Vaccines: The Myths and the Facts
Vaccines are an effective means of preventing life-threatening illnesses by boosting the body’s natural immune response to diseases caused by viruses and bacteria. Vaccine programs throughout the world have led to improved overall health of our population by reducing the transmission of disease, permanent and temporary disability, and infant mortality. Although vaccines have been proven to be both safe and effective based on sound scientific evidence, several myths have been spread, keeping vaccines at the center of controversy. The top five vaccine myths are addressed here in an effort to emphasize the safety and necessity of this important healthcare intervention.
Myth 1: Vaccines contain many harmful ingredients.
Fact: Vaccines contain ingredients that allow the product to be safely administered. Any substance can be harmful in significantly high doses, even water. Vaccines contain ingredients at a dose that is even lower than the dose we are naturally exposed to in our environment. Thimerosal, a mercury-containing compound, is a widely-used preservative for vaccines that are manufactured in multi-dose vials. We are naturally exposed to mercury in milk, seafood, and contact lens solutions. There is no evidence to suggest that the amount of thimerosal used in vaccines poses a health risk. Many vaccines now produce single-dose vials which has greatly decreased the use of thimerosal in vaccines. Formaldehyde, another vaccine ingredient, is in automobile exhaust, household products and furnishings such as carpets, upholstery, cosmetics, paint and felt-tip markers, and in health products such as antihistamines, cough drops and mouthwash. The dose in vaccines is much lower than the amount we are exposed to in our daily life. Not all vaccines contain aluminum, but those that do typically contain about .125 mg to .625 mg per dose. This, too, is much less than what the average person consumes in a day. An estimated 30 to 50 mg of aluminum is consumed by the average person daily, mainly from foods, drinking water and medicines.
Myth 2: Vaccines cause autism and sudden infant death syndrome (SIDS).
Fact: Vaccines are very safe. Most vaccine reactions are usually temporary and minor, such as a fever or sore arm. It is rare to experience a very serious health event following a vaccination, but these events are carefully monitored and investigated. You are far more likely to be seriously injured by a vaccine-preventable disease than by a vaccine. For example, polio can cause paralysis, measles can cause encephalitis (inflammation of the brain) and blindness, and some vaccine-preventable diseases can even result in death. The benefits of vaccination greatly outweigh the risk, and without vaccines many more injuries and deaths would occur. Science has not yet determined the cause of autism and SIDS. These diagnoses are made, though, during the same age range that children are receiving their routine immunizations. The 1998 study that raised concerns about a possible link between measles-mumps-rubella (MMR) vaccine and autism was retracted by the journal that published it because it was significantly flawed by bad science. There is no evidence to link vaccines as the cause of autism or SIDS.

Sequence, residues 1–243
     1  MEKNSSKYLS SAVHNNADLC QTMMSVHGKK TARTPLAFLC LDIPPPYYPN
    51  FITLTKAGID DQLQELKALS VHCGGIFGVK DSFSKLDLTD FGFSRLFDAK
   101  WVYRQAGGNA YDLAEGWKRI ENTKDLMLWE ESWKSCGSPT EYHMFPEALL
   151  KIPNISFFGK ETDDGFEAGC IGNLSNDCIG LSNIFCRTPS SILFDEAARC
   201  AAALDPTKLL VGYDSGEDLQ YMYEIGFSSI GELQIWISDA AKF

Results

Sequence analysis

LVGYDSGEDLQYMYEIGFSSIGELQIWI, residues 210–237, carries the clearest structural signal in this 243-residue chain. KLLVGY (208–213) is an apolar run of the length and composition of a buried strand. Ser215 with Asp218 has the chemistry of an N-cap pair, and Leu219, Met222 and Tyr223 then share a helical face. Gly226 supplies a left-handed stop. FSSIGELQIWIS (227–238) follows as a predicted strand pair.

Myth 3: Vaccine-preventable diseases are just part of childhood. It is better to have the disease than become immune through vaccines.
Fact: Vaccine-preventable diseases have many serious complications that can be avoided through immunization. For example, more than 226,000 people are hospitalized from influenza complications including 20,000 children. About 36,000 people die from influenza each year. Vaccines stimulate the immune system to produce an immune response similar to natural infection, but they do not cause the disease or put the immunized person at risk of its potential complications.
Myth 4: I don’t need to vaccinate my child because all the other children around him are already immune.
Fact: Herd immunity occurs when a large population of a community is immunized against a contagious disease, reducing the chance of an outbreak. Infants, pregnant women and immunocompromised people who cannot receive vaccines depend on this type of protection. However, if enough people rely on herd immunity as the method of preventing infection from vaccine-preventable diseases, herd immunity will soon disappear.
Myth 5: A child can actually get the disease from a vaccine.
Fact: A vaccine causing complete disease would be extremely unlikely. Most vaccines are inactivated (killed) vaccines and it isn’t possible to contract the disease from the vaccine. A few vaccines contain live organisms, and when vaccinated lead to a mild case of the disease. Chickenpox vaccine, for example, can cause a child to develop a rash, but only with a few spots. This isn’t harmful, and can actually show that the vaccine is working. One exception was the live oral polio vaccine, which could very rarely mutate and actually cause a case of polio. However, oral polio vaccine is no longer administered in the United States.
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This article has been reviewed by Andrew Moore, MD, FAAAAI